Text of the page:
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Heard and seen: Supporting the children of prisoners

A remarkable Oxfordshire charity supports one of society’s most vulnerable groups: prisoners’ children

Heard and seen: Supporting the children of prisoners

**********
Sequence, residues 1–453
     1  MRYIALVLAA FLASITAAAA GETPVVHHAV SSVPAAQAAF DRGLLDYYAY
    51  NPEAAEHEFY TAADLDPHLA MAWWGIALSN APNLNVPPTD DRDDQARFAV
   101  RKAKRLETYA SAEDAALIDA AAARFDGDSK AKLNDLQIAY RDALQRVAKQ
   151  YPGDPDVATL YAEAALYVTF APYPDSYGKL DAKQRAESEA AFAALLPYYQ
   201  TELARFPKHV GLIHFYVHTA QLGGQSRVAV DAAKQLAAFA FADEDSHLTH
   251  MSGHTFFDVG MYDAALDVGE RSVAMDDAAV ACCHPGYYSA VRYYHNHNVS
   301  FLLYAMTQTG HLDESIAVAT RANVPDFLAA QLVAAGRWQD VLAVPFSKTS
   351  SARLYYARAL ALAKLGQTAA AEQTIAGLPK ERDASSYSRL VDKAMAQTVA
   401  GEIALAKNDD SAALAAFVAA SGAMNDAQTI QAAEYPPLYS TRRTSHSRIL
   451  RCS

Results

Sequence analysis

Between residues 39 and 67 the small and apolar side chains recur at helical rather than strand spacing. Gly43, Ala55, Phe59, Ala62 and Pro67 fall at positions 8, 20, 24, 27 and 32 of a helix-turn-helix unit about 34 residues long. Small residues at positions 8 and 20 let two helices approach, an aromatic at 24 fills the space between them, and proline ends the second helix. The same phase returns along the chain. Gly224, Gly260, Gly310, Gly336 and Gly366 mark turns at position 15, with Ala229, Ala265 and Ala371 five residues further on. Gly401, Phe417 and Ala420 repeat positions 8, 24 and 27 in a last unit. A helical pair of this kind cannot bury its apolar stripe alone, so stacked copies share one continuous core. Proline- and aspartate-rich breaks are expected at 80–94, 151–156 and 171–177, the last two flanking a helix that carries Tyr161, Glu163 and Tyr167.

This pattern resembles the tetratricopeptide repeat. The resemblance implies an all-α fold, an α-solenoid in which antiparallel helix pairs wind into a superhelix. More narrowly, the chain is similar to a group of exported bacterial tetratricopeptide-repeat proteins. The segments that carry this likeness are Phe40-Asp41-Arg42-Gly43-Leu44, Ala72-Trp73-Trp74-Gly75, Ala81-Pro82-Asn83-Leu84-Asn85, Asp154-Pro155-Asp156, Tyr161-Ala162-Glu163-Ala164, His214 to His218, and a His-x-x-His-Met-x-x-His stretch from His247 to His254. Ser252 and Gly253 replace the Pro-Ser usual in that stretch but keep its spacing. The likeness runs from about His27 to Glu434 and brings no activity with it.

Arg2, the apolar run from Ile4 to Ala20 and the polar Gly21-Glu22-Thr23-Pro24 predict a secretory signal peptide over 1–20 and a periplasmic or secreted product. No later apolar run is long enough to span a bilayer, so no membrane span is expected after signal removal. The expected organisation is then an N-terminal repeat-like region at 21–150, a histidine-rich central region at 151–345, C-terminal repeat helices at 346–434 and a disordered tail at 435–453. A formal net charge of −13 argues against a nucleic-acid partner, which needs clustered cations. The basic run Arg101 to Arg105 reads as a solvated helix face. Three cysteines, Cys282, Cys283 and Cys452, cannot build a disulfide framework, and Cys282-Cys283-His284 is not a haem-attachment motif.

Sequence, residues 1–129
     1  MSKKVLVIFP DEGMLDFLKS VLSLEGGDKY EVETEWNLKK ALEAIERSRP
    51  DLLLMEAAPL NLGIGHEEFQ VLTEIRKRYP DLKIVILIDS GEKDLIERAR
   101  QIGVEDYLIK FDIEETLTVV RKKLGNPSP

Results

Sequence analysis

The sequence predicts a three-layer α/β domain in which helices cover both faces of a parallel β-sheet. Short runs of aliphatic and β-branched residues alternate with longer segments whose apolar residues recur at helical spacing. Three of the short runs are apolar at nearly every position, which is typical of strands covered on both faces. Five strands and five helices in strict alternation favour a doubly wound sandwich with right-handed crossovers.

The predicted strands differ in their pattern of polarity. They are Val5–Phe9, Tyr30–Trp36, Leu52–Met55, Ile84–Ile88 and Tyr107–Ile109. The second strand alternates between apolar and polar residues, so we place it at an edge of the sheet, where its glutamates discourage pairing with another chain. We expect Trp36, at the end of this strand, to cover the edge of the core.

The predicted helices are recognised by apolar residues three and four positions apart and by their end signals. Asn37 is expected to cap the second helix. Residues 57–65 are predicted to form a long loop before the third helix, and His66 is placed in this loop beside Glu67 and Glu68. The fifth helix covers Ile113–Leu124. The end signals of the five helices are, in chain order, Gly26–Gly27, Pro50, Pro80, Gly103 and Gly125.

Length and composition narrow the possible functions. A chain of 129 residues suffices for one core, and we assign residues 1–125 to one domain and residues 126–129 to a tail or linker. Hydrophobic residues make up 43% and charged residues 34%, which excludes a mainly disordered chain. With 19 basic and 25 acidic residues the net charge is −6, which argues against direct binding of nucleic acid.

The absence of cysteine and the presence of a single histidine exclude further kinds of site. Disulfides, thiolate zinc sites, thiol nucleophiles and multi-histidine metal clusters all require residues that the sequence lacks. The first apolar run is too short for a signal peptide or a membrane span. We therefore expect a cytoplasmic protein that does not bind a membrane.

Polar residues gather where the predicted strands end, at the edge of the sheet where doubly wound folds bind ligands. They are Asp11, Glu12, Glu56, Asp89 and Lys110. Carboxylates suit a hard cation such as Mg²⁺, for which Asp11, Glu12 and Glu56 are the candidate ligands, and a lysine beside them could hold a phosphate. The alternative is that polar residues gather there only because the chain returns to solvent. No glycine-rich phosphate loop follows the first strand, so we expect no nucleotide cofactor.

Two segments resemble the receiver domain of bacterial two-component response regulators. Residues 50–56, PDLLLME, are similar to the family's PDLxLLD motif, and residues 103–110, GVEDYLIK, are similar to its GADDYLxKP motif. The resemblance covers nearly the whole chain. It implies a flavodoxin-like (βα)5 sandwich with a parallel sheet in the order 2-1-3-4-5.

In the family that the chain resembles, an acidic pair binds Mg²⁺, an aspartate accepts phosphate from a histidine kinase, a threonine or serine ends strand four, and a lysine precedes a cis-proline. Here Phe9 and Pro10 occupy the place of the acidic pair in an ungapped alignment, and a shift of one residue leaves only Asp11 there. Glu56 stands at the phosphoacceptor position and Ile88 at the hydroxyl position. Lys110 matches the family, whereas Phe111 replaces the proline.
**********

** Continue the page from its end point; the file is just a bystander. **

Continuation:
THE NUMBER OF CHILDREN WHO HAVE A PARENT IN PRISON IS NOT OFFICIALLY RECORDED. Crest’s Children of Prisoners report (2019) estimated that there are 312,000 incidences a year of children losing a parent to custody. The prison population in England and Wales quadrupled in size between 1900 and 2017, with around half this increase taking place since 1990 (House of Commons, UK Prison Population Statistics, July 2018). It follows that the number of children impacted is also increasing rapidly. Unless they are registered or known to children’s services for other reasons, none of these children will receive any specific governmental support. Children impacted by parental imprisonment are a vulnerable group through no wrongdoing of their own. By the age of 48, men who had a parent in prison during boyhood are three times more likely to have a history of drug or alcohol abuse, unemployment, anxiety or depression and broken relationships (Social Care Institute for Excellence 2008). According to the Ministry of Justice in 2008, 65% of boys with a parent in prison go on to commit an offence themselves. In addition to the behavioural and emotional toll inflicted on the children of prisoners, the cost to wider society is considerable. It is estimated that every £1 invested in supporting prisoners’ families could save the taxpayer £11 (PACT 2012).

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